FIGHTING FITNESS: Adapting to the Demands of Championship Judo
By Mark Lonsdale, Judo Training Development
There is fit and there is “fighting fit. In other words, there are individuals who are fit for their chosen sport or activity and then there are those who are fit for fighting. Judo falls into the latter category.
A runner, for example, is assumed to have strong legs and good endurance, but even within the running world, there are sprinters who have tremendously powerful legs and minimal need for endurance, while marathoners have lean body mass and phenomenal cardio-vascular development. At the other end of the spectrum we find anaerobic athletes, such as power-lifters, with massive explosive strength but minimal cardio or running abilities.
The fighter, however, is a unique type of athlete in that he or she must have the correct balance of strength, endurance, resistance to injury, and mental toughness. In addition, unlike other athletes who may use a limited number of muscles of muscle groups, the fighter is using virtually every muscle and muscle group simultaneously, while having to have flexibility, lightning reflexes, and the endurance to go the distance.
To develop this type and level of fitness requires a well designed reality-based training program. This means that the training must be driven by the real world needs of the competition. In physiology and kinesiology studies this is often termed Specific Adaptation to Imposed Demands (SAID). In plain English this means that the coach must train the athlete so as to adapt the athlete’s body to the demands imposed upon it in championship judo.
This requires that the athlete’s training program be divided into a number of modules to include endurance/cardio training and strength/resistance training. This is in addition to essential technical, tactical, and mental development. Fortunately, in judo, we have one exercise that works all of these simultaneously – randori. When correctly structured and managed, multiple sets of randori, with opponents of various experience and strength, are without doubt the single best tool that the coach and athlete have for judo training.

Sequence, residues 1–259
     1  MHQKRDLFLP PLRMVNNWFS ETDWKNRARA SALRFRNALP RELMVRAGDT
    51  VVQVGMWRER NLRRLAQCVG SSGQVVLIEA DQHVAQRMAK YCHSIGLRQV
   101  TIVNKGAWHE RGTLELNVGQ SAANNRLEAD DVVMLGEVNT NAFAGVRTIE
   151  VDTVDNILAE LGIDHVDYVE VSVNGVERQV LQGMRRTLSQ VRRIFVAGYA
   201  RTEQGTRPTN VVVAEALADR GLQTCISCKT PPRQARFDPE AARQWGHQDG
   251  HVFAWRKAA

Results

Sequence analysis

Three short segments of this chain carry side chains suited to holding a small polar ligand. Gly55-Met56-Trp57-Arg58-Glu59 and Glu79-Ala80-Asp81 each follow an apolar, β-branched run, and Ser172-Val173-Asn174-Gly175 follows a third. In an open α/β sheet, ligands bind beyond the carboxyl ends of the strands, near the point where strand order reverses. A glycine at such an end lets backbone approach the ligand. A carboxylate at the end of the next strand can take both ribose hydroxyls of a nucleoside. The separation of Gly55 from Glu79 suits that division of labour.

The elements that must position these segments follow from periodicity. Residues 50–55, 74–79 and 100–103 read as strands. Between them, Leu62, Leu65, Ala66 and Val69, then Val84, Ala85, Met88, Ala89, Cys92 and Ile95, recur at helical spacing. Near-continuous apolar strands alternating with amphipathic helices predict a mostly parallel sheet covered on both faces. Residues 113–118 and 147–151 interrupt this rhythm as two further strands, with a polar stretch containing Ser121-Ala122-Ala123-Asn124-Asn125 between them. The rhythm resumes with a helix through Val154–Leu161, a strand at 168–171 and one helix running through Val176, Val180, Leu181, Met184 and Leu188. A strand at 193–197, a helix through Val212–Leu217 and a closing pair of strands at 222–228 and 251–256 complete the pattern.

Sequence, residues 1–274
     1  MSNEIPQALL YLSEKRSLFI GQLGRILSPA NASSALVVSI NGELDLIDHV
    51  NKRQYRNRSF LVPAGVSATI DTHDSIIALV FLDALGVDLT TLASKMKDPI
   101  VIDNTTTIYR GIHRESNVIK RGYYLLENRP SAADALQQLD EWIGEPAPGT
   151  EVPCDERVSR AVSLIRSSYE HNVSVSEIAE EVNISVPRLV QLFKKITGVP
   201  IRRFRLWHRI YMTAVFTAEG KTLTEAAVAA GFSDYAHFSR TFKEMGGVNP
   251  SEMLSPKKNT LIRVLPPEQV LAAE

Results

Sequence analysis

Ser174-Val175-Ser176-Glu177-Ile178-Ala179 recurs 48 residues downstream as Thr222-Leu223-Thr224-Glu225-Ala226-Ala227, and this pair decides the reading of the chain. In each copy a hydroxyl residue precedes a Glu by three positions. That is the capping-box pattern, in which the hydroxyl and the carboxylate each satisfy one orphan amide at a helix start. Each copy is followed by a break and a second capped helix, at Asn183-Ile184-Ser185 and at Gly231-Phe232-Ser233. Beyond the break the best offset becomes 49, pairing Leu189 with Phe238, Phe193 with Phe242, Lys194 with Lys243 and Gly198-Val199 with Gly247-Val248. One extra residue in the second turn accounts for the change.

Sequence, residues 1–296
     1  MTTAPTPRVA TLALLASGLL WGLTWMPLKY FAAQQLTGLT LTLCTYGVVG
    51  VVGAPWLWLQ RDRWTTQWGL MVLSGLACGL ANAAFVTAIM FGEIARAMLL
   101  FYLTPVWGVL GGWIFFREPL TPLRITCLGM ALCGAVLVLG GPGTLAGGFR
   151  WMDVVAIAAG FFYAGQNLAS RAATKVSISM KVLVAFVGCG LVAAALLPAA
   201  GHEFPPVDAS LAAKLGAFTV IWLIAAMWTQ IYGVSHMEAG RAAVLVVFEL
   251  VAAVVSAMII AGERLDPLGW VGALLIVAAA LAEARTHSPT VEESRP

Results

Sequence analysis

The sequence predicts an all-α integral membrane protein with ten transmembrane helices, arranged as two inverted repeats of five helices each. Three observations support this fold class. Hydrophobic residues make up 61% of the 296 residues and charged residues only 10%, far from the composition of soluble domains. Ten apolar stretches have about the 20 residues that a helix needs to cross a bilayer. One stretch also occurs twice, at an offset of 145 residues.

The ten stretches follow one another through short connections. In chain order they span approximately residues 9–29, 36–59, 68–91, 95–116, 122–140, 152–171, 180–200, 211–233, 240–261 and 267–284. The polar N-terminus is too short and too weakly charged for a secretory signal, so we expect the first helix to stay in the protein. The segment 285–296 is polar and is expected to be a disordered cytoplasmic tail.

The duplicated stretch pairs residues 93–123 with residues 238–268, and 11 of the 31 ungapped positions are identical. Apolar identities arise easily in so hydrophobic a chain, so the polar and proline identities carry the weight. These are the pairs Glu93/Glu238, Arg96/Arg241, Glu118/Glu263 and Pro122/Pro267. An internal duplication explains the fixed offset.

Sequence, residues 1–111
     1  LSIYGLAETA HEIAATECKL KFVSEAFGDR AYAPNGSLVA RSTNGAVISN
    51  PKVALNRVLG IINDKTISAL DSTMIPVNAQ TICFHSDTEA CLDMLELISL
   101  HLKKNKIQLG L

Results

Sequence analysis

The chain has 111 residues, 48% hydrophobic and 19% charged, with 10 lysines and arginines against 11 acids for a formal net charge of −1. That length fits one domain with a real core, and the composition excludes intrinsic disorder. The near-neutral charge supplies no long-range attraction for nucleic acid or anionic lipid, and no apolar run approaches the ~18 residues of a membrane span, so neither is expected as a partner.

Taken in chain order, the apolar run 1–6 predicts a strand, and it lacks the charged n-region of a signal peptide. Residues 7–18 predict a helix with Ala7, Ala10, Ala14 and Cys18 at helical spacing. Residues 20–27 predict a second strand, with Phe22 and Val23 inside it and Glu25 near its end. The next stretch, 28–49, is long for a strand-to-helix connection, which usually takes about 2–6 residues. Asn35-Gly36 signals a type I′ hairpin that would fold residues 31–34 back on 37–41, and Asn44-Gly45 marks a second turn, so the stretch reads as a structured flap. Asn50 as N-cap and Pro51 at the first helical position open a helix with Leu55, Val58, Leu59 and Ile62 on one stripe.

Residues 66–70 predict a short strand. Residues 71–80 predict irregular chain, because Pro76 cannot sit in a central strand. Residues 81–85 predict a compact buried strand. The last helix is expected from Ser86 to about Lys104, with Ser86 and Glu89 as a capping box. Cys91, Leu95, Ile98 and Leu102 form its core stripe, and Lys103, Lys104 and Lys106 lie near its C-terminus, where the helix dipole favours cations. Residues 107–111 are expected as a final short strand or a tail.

So why do we need to supplement judo training with road work, stairs, weights, cross-training, and plyometric exercises? The short answer is that our bodies simply cannot handle too much hard randori training. Time on the treadmill or lap swimming does not breakdown the body like judo training. Swimming, in fact, is a great low impact way to rehabilitate injuries or just exercise tired muscles, while plyometrics are great for developing explosive leg power.
Injuries are a perennial problem in judo training that haunts every competitor. As a result, the coach and athlete must structure the training to avoid or at least limit injuries. This is where newaza randori and standing randori with weaker opponents become useful. Training with weaker opponents allows the athlete to work on technique and timing while limiting the probability of injury.
But the fundamental principle of sports training remains the same – progressive over-load and recovery. After the appropriate recovery period, load, over-load, and then recover again. Whether it is endurance or strength training this principle applies. In judo we are able to do this by alternating hard randori training days with technical and tactical training days. We are also able to begin the season with four or five 3-minute randori(s), working up to championship levels of eight 5-minute randori sessions. This serves to develop both strength and endurance, while nage-komi sessions and randori with weaker opponents are used to hone technical ability.
Finally, to quote Thomas Jefferson, “If you want something you’ve never had, you must be willing to do something you’ve never done.” Or, to paraphrase, to achieve more you must be willing to do a little more each day, each week, each month, each year, and each quadrennial. But, at the same time, never underestimate the value of rest, good nutrition, and recovery periods.